World | Health | Nation

First Ebola Patient Has Arrived In U.S. From Liberia

NPR | Aug. 25, 2014 8:54 a.m.

Contributed By:

Bill Chappell

American patients infected with Ebola will be treated in an isolation room like this one at Emory University Hospital.

American patients infected with Ebola will be treated in an isolation room like this one at Emory University Hospital.

Emory University, Jack Kearse

The first of two American aid workers infected with the deadly Ebola virus in Liberia reportedly arrived in Atlanta today to begin treatment. Dr. Kent Brantly has been living in quarantine conditions since realizing he had been infected with the disease last month.

“The medical plane transporting American Ebola patient Dr. Kent Brantly has landed at Dobbins Air Reserve Base in Georgia,” CNN says, citing Phoenix Air, the company that operates the chartered plane. Shortly after noon (ET), the network’s TV feed cut to a helicopter camera tracking an ambulance driving on Atlanta’s interstates.

When the patient arrives at Emory University Hospital, it will mark the first time someone with Ebola has been treated in the U.S., as NPR’s Michaeleen Doucleff reports.

Brantly, 33, and another aid worker, Nancy Writebol, 59, are said to be in serious but stable condition since they contracted the virus while fighting an outbreak that has killed more than 700 people in West Africa.

The two had been working for the Christian charity organization Samaritan’s Purse when they became infected. When the news broke Thursday that Brantly and Writebol would be brought to the U.S., officials said they have a much better chance of surviving if they’re treated in the U.S. rather than in Liberia.

News of the plan to evacuate people suffering from viral hemorrhagic fever from Africa to the U.S. has caused alarm in some circles. As Michaeleen reports, officials from the Centers for Disease Control and Prevention emphasize that the virus can’t be spread by casual contact or through the air.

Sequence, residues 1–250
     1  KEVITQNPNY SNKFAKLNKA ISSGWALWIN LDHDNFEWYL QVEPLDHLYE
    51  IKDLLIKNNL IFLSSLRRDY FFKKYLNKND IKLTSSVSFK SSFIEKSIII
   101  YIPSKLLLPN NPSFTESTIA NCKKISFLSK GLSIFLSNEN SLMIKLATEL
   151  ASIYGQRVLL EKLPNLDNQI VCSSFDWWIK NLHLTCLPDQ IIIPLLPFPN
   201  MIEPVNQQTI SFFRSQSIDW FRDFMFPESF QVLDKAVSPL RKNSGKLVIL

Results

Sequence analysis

Both Emory University and the CDC are based in Atlanta; the school says it “has a specially built isolation unit set up in collaboration with the CDC to treat patients who are exposed to certain serious infectious diseases.

No drug can cure someone of Ebola. So far, the two American patients’ treatments have included “a blood transfusion from a 14-year-old boy who recovered from the disease” and an “experimental serum,” NPR’s Richard Harris reports for our Shots health blog.

From member station WABE in Atlanta, Jim Burress reports about the treatment plans after today’s arrival:

“The patient is expected to arrive from Liberia at Dobbins Air Reserve Base in Marietta, Ga. From there, a specially outfitted ambulance will take the patient approximately 18 miles to Atlanta’s Emory University Hospital where there is a specially built isolation unit.

“Dr. Alexander Isakov is overseeing the transport. At a Friday press conference, he downplayed any threat to public safety.

“‘Through drills and exercises over the years, we’ve developed our competency and feel confident we can do this job well,’ he said.

“Once at the hospital, the patient will be treated by a team of doctors and nurses trained in infectious diseases. Emory says it expects the second patient to arrive within the next few days.”

Copyright 2014 NPR. To see more, visit http://www.npr.org/.

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